As it is impossible to visit, and truly enjoy, all of the sights listed above in a single day, an overnight stay is highly recommended. One of the highlights of visiting Tsuwano are evening performances of Iwami Kagura. Kagura is a theatrical performance with traditional music that is dedicated to the Shinto deities of Japanese mythology. All the musicians and actors are locals, but their performances are amazing and watching them was one of the most enjoyable cultural experiences I’ve ever had in Japan. Aim to visit when a performance is scheduled or travel to the region on a tour with Heartland Japan – attending a Kagura performance is a central part of their itinerary.
Almost all of the accommodation choices in Tsuwano are small family-run Japanese inns. I have stayed at Meigetsu Ryokan and would highly recommend it. It is a simple, lovely place. The inn’s owner is very friendly and if you contact them in advance they are able to accommodate most special food requirements. The meals, focusing on local specialties, were amazing. A nice ‘extra’ – female guests can get dressed in yukata (casual kimono) and walk around town. It is also helpful that some kagura performances are held in building directly across the street. See the accommodations list below for other options.
If you are a museum lover, there are a number of them in town. Three are dedicated to famous ex-residents: photographer, Shinsei Kuwabara; an illustrator of children’s books, Misumaso Anno; and novelist, Ogai Mori. Other museums cover Tsuwano history, folklore, washi paper, and antique dolls. For those who like craft-making, visit the souvenir shop and restaurant, Sara-no-ki. The shop sells locally made washi paper products and also offers paper making classes.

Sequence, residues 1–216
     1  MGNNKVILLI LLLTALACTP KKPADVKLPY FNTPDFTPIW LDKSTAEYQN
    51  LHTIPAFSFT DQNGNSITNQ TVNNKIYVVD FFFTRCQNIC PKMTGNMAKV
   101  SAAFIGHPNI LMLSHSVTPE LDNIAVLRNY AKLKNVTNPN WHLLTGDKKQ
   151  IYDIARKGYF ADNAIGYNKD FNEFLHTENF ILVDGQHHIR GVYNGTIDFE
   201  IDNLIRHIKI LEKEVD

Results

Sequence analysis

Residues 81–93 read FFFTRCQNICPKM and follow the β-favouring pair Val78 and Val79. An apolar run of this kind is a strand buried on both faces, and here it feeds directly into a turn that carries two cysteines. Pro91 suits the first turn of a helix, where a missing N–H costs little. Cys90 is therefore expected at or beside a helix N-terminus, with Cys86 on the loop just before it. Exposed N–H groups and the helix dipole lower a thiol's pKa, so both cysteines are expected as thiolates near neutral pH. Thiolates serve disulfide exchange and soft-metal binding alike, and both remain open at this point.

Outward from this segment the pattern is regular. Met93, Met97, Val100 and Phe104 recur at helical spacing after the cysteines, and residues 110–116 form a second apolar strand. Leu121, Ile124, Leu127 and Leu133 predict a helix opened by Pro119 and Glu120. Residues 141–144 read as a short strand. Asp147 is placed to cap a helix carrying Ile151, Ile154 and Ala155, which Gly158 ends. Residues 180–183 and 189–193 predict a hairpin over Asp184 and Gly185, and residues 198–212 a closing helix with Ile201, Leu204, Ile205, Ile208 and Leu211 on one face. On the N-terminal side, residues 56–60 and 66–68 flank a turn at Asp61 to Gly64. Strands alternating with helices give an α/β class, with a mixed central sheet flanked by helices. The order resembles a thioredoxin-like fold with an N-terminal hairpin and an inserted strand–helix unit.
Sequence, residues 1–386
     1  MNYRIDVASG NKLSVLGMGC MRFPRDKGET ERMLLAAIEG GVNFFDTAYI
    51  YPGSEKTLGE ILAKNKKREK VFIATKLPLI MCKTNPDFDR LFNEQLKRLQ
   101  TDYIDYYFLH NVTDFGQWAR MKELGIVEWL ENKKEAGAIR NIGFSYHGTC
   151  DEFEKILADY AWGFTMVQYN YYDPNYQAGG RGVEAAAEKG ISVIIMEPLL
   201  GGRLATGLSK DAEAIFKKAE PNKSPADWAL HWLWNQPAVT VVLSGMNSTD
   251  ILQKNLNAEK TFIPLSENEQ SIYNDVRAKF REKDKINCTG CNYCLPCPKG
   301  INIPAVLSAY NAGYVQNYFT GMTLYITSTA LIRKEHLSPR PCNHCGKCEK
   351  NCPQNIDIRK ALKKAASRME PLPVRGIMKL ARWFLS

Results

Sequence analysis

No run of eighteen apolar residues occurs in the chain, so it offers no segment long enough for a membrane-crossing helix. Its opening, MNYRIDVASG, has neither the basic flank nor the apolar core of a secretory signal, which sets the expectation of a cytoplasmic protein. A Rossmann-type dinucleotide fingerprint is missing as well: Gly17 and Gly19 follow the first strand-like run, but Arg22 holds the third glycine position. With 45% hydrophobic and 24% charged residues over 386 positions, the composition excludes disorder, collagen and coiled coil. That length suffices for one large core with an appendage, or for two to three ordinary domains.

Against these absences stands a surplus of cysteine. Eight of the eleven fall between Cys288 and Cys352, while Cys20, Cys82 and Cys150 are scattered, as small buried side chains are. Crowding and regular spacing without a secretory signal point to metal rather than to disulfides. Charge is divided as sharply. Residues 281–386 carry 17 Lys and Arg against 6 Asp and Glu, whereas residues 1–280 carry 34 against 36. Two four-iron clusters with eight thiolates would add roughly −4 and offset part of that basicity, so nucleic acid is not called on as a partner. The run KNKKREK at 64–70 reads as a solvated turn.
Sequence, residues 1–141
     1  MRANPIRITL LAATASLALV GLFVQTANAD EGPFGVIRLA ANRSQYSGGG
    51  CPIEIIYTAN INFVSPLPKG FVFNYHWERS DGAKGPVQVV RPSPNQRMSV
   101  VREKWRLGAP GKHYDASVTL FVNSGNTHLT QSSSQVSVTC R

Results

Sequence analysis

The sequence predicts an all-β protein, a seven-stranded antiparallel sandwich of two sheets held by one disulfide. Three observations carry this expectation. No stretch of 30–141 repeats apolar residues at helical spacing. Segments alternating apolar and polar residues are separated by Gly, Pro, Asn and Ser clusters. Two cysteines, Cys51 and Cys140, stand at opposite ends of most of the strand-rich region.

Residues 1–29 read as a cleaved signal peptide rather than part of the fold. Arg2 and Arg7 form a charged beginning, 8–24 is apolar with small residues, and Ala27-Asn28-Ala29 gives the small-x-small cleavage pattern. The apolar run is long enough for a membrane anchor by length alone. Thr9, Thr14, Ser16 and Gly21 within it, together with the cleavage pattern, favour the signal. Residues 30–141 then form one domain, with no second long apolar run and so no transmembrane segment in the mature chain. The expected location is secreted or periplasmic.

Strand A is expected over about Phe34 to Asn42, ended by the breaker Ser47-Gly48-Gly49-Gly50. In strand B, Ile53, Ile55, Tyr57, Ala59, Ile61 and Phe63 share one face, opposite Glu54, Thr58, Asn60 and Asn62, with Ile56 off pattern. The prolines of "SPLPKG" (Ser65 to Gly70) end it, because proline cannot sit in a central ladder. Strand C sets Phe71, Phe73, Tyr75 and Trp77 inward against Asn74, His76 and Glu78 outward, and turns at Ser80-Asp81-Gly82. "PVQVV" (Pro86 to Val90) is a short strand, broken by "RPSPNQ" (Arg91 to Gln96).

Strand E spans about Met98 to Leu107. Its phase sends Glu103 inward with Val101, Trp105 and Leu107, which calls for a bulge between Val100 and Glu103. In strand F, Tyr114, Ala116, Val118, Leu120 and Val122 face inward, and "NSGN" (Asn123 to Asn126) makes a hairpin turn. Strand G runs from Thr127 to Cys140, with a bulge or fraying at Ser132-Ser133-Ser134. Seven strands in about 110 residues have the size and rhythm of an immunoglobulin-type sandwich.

The coolest way to reach Tsuwano is by steam locomotive. On weekends from March to November, there is one round trip per day, from JR Shin-Yamaguchi Station. Advanced seat reservations are required.
Limited Express trains also travel between Tsuwano and Shin-Yamaguchi Stations (60 minutes), stopping at Yamaguchi Station along the way. Travel by shinkansen from Tokyo to Shin-Yamaguchi takes about 4 1/2 hours.
If you fly into Hagi-Iwami Airport, there is a private taxi service that will take you directly to Tsuwano for only 2000 yen (100 minutes). Or, take a bus to Masuda Station and an express train from there. The trip takes about 90 minutes total.
Tsuwano is also accessible by bus from a variety of places, including Hiroshima and Hagi.
Meigetsu Ryokan: Lovely inn located just off the main street. 13 Japanese style rooms, all with toilets & some with baths – note that five of them have old-style floor toilet.
Wataya Onsen Ryokan: The town’s only inn with a natural onsen. Japanese style rooms with futons or beds.
Tsuwano-no-yado Yoshinoya: Rooms with futons or beds. Traditional building that has been nicely renovated.
Tsuwano Machiya Stay: Two lovely traditional Japanese homes for rent – one holds up to 5 guests, the other, up to 10 guests.
Tsuwano Hotel: 15 minute walk from station (in opposite direction than sightseeing spots). Single and twin rooms with beds.
Wakasagi-no-yado: Small inn with 7 Japanese rooms, no private baths.
Hoshi Ryokan: Small inn with 6 Japanese rooms. All share bath/toilets.
Minshuku Miyake: Small inn with 6 Japanese rooms.
Haradaya: Small inn with 6 Japanese rooms.
Ryokan Koraku: 25 Japanese rooms, 12 with bath and toilet.
Ekimae Business Hotel Tsuwano: 16 Western-style rooms with bath and toilet.
For a tailor-made trip to the area, contact Heartland Japan. https://heartlandjapan.com/tailor-made-trip/